Hoping someone can help as this is driving me mad.

I have an initial opaque shape, which will be filled in a light grey: opaque shape

I'm using a duplication of the shape to fill with gradients to lay on top. I want to create a very subtle gradient along the edge of the shape all the way round using a slightly darker grey, to create a subtle depth to the shape.

I've tried using multiple linear gradients on the same shape using the appearance panel. As follows, this is what happens which doesn't look right as the gradient doesn't follow the shape edge: enter image description here

I've tried playing around with the freeform gradient tool, using both points and lines. Lines doesn't work because it only curves (a lot?!) and won't follow the outer edge of the shape. Plus the gradient would run along the line from opaque to grey which wouldn't create the subtle rounded cylindrical tube shape look I am after: enter image description here

I can't see a way in which to use the 'points' option on the freeform gradient tool, as this means assigning each 'point' to the darker grey colour, but I can't see how to make the middle of the shape transparent (I'm planning on having text running along the first opaque shape that shows through the transparent middle of the duplicated gradient-filled shape):

enter image description here

The best work around i found that gets close t the look I am trying t achieve was to use the freeform gradient tool and the 'lines' option to draw lines around the edge of the shape assigned to the darker grey shaded colour, and to then create more 'lines' using the freeform gradient tool along the centre of the entire shape and assign the points to 0% for transparency. Here's this highlighted: enter image description here And the finished effect: enter image description here

I posted the same question on the Adobe forums but the answer that came back was to create a gradient along a path to use as a fill for the shape, which doesn't work because a path does not replicate the altering angles of its edge of the shape as it curves in different directions.

Was what I did the best/only way? It seems complicated and not very accurate or professional!

Thanks for reading and your patience.

Example for Luciano:

enter image description here

  • 1
    Well, the gradient does not need to be that path;)
    – joojaa
    Oct 21, 2019 at 14:21
  • I don't know what you mean - please elaborate?
    – Molly
    Oct 21, 2019 at 14:46
  • 1
    Welcome to GDSE! +1 for describing your problem in details as a new user.
    – Wolff
    Oct 21, 2019 at 17:01

5 Answers 5


I would simply create a thick stroke and apply the gradient to the stroke....

enter image description here

Then, if shapes are needed, it can be expanded to a Gradient Mesh object.

enter image description here

If you require the slight corner rounding, then merely stack 2 objects. A shape to include the corner rounding, then a stroke slightly thinner than the shape with with the gradient. When colors are the same, the stroke will visually blend to the shape and be indistinguishable.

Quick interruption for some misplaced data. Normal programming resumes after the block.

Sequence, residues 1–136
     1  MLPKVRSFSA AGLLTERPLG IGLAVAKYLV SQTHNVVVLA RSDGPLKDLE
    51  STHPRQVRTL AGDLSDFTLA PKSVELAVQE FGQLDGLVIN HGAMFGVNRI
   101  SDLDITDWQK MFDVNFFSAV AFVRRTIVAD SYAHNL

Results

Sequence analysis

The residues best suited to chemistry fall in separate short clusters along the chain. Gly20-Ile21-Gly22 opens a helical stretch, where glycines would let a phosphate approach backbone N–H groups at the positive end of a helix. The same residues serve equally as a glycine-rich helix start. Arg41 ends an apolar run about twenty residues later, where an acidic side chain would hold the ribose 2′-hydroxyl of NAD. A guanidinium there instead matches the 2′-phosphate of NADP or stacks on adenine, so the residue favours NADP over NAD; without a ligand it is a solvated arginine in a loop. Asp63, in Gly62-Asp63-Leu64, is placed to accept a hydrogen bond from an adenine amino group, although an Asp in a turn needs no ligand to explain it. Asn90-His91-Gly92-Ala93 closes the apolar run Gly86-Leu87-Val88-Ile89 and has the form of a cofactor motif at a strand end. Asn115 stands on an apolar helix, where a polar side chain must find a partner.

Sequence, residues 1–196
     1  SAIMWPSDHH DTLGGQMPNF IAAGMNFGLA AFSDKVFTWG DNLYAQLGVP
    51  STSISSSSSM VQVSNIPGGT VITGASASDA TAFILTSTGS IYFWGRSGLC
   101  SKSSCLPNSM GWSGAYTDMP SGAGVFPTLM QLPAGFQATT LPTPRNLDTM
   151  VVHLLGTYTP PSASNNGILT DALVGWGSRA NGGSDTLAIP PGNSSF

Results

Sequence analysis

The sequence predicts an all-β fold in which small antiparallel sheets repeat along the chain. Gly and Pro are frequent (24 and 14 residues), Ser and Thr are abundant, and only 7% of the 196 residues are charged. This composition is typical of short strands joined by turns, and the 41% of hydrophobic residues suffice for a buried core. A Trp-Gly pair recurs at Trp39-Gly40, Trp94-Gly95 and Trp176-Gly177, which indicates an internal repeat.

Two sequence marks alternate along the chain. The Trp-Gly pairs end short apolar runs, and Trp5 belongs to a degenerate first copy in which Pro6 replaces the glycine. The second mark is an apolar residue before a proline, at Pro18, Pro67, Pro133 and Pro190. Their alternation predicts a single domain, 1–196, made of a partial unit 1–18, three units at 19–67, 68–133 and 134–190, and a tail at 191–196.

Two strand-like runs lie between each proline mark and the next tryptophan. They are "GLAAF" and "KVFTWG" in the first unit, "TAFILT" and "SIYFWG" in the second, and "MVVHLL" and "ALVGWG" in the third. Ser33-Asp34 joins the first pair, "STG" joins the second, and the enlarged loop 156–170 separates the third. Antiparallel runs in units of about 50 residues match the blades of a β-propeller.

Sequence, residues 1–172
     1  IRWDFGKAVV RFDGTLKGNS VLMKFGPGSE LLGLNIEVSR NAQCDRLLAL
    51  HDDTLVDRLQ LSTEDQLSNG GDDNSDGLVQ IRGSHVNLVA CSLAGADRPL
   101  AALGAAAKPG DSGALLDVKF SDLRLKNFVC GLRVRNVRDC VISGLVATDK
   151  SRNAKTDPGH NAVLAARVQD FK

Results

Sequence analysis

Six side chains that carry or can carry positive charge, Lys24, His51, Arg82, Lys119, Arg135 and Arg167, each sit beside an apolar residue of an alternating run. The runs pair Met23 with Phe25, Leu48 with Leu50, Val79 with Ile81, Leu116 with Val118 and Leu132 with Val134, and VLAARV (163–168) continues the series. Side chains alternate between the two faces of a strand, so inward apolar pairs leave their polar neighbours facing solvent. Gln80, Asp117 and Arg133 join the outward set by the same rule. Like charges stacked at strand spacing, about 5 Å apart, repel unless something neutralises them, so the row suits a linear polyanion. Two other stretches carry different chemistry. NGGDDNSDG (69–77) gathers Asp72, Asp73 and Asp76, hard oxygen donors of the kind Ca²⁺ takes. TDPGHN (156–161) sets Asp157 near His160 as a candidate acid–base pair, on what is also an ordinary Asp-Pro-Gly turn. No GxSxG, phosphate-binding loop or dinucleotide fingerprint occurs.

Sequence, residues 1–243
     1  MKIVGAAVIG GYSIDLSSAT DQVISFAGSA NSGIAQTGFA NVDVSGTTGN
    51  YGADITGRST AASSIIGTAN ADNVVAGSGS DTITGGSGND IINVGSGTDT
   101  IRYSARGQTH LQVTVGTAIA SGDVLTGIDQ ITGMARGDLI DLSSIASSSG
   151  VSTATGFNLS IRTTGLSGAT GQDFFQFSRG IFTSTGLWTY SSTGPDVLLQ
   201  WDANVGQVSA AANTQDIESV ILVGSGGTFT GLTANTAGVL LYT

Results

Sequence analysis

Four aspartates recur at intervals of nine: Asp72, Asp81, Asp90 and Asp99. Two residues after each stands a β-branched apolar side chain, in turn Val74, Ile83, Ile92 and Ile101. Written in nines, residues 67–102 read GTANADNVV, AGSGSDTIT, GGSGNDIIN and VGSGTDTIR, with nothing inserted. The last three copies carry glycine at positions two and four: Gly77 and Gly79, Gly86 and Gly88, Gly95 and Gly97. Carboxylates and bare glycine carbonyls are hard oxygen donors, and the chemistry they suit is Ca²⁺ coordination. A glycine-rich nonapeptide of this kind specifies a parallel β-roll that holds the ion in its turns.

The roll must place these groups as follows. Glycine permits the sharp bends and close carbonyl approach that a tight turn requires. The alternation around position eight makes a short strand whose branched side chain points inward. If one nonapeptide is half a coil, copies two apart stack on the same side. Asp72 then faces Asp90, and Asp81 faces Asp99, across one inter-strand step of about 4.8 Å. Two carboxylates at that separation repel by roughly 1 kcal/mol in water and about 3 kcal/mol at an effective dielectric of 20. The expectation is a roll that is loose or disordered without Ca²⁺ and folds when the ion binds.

enter image description here

You can even do this with a transparent-color-transparent gradient on the stroke. So that, to alter the object color, all you need to do is change the flat fill color of the underlying shape.

enter image description here

For me, the stacked gradient stroke method offers the easiest editing and optimal control.

See here: Complex gradient object with transparent center if you are unfamiliar with adding transparency to gradients within Illustrator.


Try with Blend.

enter image description here

  • Delete the end paths

enter image description here

  • Blend the two resultant paths (they must have the same amount of points and no fill)

enter image description here

  • Expand the blend and blend again each path separately


  • Use the Direct Selection Tool to select each path and change the stroke color


  • Hi Danielillo, Thanks for getting back to me! When you say 'two paths' which two do you mean? Do I start buy drawing out multiple paths (as in your left hand illustration) and then select two of them to blend? Which two? Any two? Thanks so much!
    – Molly
    Oct 21, 2019 at 14:48
  • Answer updated with the info
    – user120647
    Oct 21, 2019 at 14:55
  • Lovely. Sorry I've never used the blend tool, so I'm assuming it produces the extra paths in your illustration when you 'blend'. And each blend path you can edit directly. Thanks so much for your time and answer, perfect :)
    – Molly
    Oct 21, 2019 at 14:59

The most flexible solution is a Pattern Brush. This is what joojaa meant with "the gradient does not need to be that path" - the gradient is simply a pattern applied to the path.

  1. because Illustrator doesn't accept gradients in brushes, you need to create a blend object. Draw 3 rectangles and fill them with the colors of your pipe + shadow profile.
  2. Blend Tool (W) and click on each rectangle in sequence, like this: enter image description here
  3. Drag the blend object to the Brushes panel (F5 if it's not open) and select Pattern Brush
  4. Adjust the settings for the corners enter image description here
  5. draw a "spine" for your pipe - a single open path with no fill
  6. Select the brush on the Brushes panel to apply to your pipe: enter image description here